Image De-noising

Non-linear Image De-noising in Fourier Space

Recently, Steve Desjardins gave a talk in the graduate student seminar here at Ottawa about how to remove noise from images by converting the image to Fourier space, applying a certain linear transformation to the image, and then converting it back to (x,y)-space. This reminded me of some experiments that I had recently done with digitally removing noise from audio data. I thought maybe a non-linear transformation would do a better job.

The interactive demo

Click here for an interactive demo of the de-noising algorithm.

What the images are

The web interface shows six images. The three left images are: The three right images are Fourier transforms of the corresponding left images. Thus, you can see how each transformation affects the image in both the (x,y)-space and in Fourier space. Namely, adding noise in (x,y)-space results in similarly distributed noise in Fourier space. You can see that in Fourier space, the noise is most visible in the areas that were formerly black.

How noise is detected

My algorithm tries to detect areas in Fourier space that were formerly black, and to remove the noise from them, while leaving the white areas untouched. You can see the result in the third picture: the black areas are black again, but many details of the white areas were lost. The corresponding picture in (x,y)-space is less noisy, but also somewhat blurred. Interestingly, the stripes on the woman's clothes and on the tablecloth are much better preserved than edges in the picture.

The algorithm tries to find the black "background" parts of the noisy image in Fourier space by averaging the pixels in a small neighborhood of each point. If the average value is low compared to a certain threshold, then the pixel is set to 0. If the average value is large compared to the threshold, then the pixel is left untouched. If the value is neither very large nor very small, the algorithm smoothly interpolates between the two possibilities. The actual formula used is:

      f = 1 - ( 1 / (1 + (E c / t))^2 )
Here, E is the average pixel energy near a given point, c is a constant, t is a user-specified threshold, and f is the factor by which the pixel value will be multiplied. Note that 0 <= f <= 1.

Parameters you can change

You can vary the threshold for the amount of noise the algorithm suppresses by entering a different value in the web form. A larger threshold means more lighter areas will be blackened out in Fourier space in the third image. You can also vary the size of the neighborhood of each point that the algorithm looks at. The neighborhood is a little square of 2n+1 by 2n+1 pixels, where n is the "Denoising neighborhood size" entered in the web form.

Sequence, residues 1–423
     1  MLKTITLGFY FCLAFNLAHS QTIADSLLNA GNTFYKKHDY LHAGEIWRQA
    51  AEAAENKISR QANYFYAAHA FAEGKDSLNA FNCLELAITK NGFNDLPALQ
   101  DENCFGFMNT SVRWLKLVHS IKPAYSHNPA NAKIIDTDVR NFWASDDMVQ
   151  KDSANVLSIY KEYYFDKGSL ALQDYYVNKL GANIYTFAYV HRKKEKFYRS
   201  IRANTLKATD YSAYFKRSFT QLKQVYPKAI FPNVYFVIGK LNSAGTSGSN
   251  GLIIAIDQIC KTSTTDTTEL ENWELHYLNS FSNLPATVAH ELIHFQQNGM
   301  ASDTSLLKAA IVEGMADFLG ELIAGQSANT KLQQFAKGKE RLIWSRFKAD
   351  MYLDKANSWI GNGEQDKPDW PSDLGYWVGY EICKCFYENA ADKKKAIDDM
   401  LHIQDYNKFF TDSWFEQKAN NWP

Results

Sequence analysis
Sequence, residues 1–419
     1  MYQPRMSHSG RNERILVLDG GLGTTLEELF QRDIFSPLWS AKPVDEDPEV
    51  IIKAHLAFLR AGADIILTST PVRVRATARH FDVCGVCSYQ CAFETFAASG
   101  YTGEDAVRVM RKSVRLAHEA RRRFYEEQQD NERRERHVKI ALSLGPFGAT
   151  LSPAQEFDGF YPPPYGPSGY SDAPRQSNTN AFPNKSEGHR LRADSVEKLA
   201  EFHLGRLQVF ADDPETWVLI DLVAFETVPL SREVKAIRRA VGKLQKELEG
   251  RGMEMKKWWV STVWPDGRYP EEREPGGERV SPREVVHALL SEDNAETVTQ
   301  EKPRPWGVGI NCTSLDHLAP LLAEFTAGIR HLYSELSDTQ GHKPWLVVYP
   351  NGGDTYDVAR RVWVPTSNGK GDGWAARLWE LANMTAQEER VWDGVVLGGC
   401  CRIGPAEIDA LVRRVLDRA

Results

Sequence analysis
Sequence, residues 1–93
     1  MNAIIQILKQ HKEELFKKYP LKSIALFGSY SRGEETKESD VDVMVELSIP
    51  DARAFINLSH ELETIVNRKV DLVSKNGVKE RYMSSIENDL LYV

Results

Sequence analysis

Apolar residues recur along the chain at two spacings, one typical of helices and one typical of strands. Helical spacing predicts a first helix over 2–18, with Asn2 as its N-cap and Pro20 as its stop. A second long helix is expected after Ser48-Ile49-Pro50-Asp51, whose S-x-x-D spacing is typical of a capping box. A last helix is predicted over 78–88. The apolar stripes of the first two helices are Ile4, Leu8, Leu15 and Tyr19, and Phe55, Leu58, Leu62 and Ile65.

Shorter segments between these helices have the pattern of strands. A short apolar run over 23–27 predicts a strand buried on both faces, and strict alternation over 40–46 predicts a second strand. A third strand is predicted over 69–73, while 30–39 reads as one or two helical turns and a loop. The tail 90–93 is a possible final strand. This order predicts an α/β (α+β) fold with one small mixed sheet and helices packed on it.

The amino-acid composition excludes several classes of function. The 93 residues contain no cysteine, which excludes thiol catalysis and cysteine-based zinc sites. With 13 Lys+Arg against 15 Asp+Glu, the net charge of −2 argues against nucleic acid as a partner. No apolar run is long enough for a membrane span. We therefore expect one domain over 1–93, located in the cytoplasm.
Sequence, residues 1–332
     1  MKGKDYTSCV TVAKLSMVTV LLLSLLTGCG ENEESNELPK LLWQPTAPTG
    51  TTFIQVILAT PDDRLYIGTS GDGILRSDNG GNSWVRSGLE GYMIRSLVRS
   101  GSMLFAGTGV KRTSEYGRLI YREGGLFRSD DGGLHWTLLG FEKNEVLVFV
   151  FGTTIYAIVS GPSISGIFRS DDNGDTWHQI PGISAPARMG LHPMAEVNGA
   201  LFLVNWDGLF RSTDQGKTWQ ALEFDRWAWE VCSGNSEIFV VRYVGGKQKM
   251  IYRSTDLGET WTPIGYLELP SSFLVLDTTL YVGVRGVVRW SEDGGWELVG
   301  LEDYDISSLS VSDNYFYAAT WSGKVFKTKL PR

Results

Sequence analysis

Explanation of overlapping Fourier Transforms

Instead of converting the entire image to Fourier space, the algorithm divides the image into a grid of overlapping regions. The boundaries of the regions are smoothed where they overlap, in order to avoid discontinuities. The function used to smooth the boundaries is
      w(x) = sin( sin^2(pi x) * pi/2 )
where x ranges from 0 to 1. The function has the property that w^2(x) + w^2(x+0.5) is constant on [0.5, 1], so the overlapping pieces fit together perfectly.

In our images of Fourier space, we show only every second region, so that the images do not overlap. Thus, the internal calculations use roughly four times as many regions as the web interface displays.

You will also notice that, while the image in (x,y)-space is black-and-white, there is some color in the images of Fourier space. This is not an accident: color is used because the pixels in Fourier space really correspond to complex numbers. The brightness of a pixel is proportional to the absolute value of a complex number, whereas the hue indicates its phase. The complex numbers 1, exp(2i pi/3), and exp(4i pi/3) are displayed as red, green, and blue, respectively. However, the phase of adjacent pixels is rarely related, and thus the sum of the pixels appears to be white from a distance.

You can change the size of the overlapping windows of the Fourier Transform. This will only work if the size is a power of 2; the useful range is 2-512. It is fun to plug in a smaller value, such as 32, or the maximum, which is 512.

High-noise images

The more noise you add to the image, the more difficult it is to get decent output from the de-noising algorithm. Try n=30 for the amount of noise, and a 32x32 fourier window with a denoising threshold of 3000 and a denoising neighborhood size of 1. For even larger amounts of noise, you need extremely large denoising thresholds.

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Peter Selinger / Department of Mathematics and Statistics / Dalhousie University
selinger@mathstat.dal.ca / PGP key
Updated Mar 4, 2002